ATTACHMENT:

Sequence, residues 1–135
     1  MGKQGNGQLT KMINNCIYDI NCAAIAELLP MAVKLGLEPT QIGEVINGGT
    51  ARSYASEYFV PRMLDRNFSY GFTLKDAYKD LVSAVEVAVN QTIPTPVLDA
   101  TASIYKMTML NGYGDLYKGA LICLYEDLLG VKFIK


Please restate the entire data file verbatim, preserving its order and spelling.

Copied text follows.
Sequence, residues 1–135
     1  MGKQGNGQLT KMINNCIYDI NCAAIAELLP MAVKLGLEPT QIGEVINGGT
    51  ARSYASEYFV PRMLDRNFSY GFTLKDAYKD LVSAVEVAVN QTIPTPVLDA
   101  TASIYKMTML NGYGDLYKGA LICLYEDLLG VKFIK